U.S. Open 2011: Will Rory McIlroy Break Every Tournament Record?

Kathy BissellCorrespondent IJune 18, 2011

BETHESDA, MD - JUNE 18:  Rory McIlroy of Northern Ireland shakes hands with his caddie J.P. Fitzgerald after the third round of the 111th U.S. Open at Congressional Country Club on June 18, 2011 in Bethesda, Maryland.  (Photo by Rob Carr/Getty Images)
Rob Carr/Getty Images

What is happening before our eyes at Congressional Country Club is nuts.

Nobody has ever played golf at the US Open like Rory McIlroy. Not Tiger Woods. Not Jack Nicklaus. Not Arnold Palmer. No one, ever. Not in 111 years.

McIlroy had already tied or broken several US Open scoring records after 36 holes. Now it is a matter of seeing how low he can go, how many more records he breaks and whether he will be able to get through the final round without a collapse.

"It definitely wasn't as easy as it was the first couple of days," McIlroy said after the third round. "I knew that I was going to feel a little bit of pressure and a little bit of nerves, and it took me a few holes to get into the round."

"Rory is out there making it look incredibly easy," said defending US Open champ Graeme McDowell after his round. "He hasn't put a foot wrong. So I might go back to the house here and put the feet up and watch how it's done."

On Friday, McIlroy tied the Gil Morgan and Tiger Woods number -12,which was the best ever at any time in a US Open, but he did not finish there. He ended 36 holes at -11.

Today, however, McIlroy reached into the stratosphere hitting -13 two more times and then climbing one better, to -14, with a birdie putt on the par four, 15th hole. He had one par five to play, but did not birdie it, and that is where he finished for the third round.

No matter what happens, he has a new US Open record, never mind how many holes.

With a 65-66-68 total of 199 for three rounds, McIlroy also bests the total strokes taken in the first 54 holes held by Jim Furyk in the 2003 US Open at Olympia Fields.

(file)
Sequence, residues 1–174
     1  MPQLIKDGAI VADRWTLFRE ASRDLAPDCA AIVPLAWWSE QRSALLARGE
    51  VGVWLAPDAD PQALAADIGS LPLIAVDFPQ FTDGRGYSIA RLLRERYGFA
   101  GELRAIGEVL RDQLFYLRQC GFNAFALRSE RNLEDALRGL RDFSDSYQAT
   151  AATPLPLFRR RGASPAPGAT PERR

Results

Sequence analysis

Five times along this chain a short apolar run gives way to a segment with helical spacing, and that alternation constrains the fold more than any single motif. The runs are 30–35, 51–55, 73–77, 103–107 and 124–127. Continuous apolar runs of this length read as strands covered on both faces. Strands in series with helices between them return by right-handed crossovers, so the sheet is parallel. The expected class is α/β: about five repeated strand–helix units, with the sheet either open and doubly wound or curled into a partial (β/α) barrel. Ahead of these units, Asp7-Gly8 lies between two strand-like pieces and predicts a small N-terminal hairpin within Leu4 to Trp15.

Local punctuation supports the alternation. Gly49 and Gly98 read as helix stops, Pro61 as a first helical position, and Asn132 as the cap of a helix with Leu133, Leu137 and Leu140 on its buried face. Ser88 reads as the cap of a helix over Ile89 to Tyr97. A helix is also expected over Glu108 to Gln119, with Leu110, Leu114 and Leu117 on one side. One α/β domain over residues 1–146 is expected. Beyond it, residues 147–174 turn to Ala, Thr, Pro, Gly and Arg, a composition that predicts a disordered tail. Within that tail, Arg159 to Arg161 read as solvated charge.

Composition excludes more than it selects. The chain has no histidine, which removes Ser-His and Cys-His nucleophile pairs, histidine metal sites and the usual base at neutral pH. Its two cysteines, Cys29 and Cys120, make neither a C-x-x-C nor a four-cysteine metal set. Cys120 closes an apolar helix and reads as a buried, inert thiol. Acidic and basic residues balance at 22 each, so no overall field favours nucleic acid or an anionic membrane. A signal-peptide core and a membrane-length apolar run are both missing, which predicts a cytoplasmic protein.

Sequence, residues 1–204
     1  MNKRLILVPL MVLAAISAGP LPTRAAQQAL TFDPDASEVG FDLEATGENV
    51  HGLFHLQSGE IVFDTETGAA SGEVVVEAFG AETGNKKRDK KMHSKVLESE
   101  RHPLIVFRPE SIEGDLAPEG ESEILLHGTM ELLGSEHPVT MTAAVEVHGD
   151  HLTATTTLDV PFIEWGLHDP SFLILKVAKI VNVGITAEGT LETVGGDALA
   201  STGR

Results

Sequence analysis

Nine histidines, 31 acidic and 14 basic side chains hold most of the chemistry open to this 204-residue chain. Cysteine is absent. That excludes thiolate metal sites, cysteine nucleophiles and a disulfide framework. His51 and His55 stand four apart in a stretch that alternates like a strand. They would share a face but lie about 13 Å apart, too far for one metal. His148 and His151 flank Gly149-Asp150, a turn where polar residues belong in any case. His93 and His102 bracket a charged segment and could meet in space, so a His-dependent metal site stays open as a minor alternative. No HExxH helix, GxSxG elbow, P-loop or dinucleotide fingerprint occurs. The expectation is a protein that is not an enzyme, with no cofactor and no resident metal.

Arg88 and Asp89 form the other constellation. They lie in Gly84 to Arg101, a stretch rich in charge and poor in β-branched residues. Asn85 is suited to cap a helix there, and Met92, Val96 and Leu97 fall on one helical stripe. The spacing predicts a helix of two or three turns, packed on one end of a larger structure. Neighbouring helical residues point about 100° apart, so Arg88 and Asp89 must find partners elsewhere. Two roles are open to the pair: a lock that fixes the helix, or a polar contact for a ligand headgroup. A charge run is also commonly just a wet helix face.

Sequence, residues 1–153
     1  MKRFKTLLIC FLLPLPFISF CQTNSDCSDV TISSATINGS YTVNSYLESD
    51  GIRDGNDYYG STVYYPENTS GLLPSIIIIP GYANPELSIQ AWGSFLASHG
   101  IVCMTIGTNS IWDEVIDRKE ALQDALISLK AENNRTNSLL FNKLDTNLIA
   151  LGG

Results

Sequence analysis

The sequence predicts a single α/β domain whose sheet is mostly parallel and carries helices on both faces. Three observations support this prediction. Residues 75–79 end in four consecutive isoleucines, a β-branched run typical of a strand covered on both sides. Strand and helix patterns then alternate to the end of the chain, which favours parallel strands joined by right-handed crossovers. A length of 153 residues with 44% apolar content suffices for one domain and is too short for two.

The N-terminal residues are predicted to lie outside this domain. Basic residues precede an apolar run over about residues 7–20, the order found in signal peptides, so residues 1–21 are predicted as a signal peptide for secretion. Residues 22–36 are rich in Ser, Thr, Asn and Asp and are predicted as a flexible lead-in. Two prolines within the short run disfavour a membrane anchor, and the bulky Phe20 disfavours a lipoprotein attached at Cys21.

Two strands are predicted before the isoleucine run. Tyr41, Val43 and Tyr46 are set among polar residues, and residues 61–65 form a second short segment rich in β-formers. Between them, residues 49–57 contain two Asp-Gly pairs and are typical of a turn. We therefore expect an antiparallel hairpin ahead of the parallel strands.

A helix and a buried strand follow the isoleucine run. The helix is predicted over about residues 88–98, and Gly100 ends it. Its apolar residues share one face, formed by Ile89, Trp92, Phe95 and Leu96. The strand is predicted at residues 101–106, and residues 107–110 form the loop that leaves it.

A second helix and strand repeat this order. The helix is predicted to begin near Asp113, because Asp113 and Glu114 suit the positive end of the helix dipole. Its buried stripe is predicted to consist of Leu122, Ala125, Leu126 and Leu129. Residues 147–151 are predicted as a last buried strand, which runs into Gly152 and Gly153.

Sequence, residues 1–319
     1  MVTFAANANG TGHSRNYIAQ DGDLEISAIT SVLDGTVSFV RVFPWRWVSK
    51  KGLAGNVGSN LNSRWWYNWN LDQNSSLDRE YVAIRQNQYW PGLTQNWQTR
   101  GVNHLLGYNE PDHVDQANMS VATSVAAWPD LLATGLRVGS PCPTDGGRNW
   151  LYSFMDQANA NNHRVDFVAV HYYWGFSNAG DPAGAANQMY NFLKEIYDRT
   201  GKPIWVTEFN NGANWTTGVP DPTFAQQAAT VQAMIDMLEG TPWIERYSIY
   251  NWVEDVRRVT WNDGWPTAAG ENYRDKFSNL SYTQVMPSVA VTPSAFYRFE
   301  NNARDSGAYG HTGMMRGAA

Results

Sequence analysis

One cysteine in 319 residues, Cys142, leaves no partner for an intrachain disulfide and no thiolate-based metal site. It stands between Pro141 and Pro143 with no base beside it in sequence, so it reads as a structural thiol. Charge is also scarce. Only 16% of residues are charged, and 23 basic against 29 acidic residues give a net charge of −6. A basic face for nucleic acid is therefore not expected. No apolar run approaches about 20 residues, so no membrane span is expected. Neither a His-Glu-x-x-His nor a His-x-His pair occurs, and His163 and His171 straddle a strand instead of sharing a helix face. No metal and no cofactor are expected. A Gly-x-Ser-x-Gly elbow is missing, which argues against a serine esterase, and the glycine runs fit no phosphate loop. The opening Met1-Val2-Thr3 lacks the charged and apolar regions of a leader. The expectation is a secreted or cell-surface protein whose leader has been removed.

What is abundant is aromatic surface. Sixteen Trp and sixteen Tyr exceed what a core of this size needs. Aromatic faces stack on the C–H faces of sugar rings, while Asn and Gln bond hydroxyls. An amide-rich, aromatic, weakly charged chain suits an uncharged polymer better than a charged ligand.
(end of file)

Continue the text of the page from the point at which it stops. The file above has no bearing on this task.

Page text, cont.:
One record McIlroy did not break is for the 54-hole lead, 10 shots, which still belongs to Tiger Woods from the 2000 US Open.

Can McIlroy lose an eight shot lead on Sunday?

Those behind hope so. They are Lee Westwood and Jason Day who shot shot 65s, and to finish at minus-five, nine shots back of McIlroy, and Y.E. Yang who posted a 69 to go to minus-six.

"Obviously if Rory comes back a little bit that gives us a little chance of shooting a low score tomorrow and catching him," Day said. "I just knew that it was out there when I saw Webb (Simpson) come through nine. I didn't expect to go out and shoot six‑under, no way in the world."

"My mission was to get myself somewhere into the tournament," Westwood said. "I said maybe if I can get to 10‑under at the weekend. But you don't know how Rory is going to do. You don't know how he's going to deal with the big lead. He had a big lead in a Major and didn't deal with it well before. There's pressure on him with regards to that. So we'll see. All I can do is control my game and try and shoot as low a score as possible for me."

"Rory is out there making it look incredibly easy, He hasn't put a foot wrong," said defending champion Graeme McDowell. "It's just phenomenal. You run out of superlatives to describe what he's doing this week. He's decimating a field."

This is not the Famer's Insurance Open or The Memorial, where -14 would be expected after two or three rounds. This is the we-dare-you-to-break-par US Open where getting into red numbers is an achievement and where only three men have achieved double digits in the 111-year history of the event.

As far as his chances go, he seems cautiously optimistic, to borrow a phrase.

"These experiences for me are fantastic, and to play—to lead six out of seven rounds of majors this year is great, and again, brings its own pressure," McIlroy said after the third round.  "I'm definitely thinking a lot better out on the golf course and making better decisions, and I think that's one of the reasons why my play has been good in the majors so far this year."

If McIlroy completes the mission, wins and finishes better than -12, it is indeed history being made. Is it this the next sea change in golf? That, we will have to wait to see.

Kathy Bissell is a Golf Writer for Bleacher Report. Unless otherwise noted, all quotes were obtained first-hand or from official interview materials from the USGA, PGA Tour or PGA of America.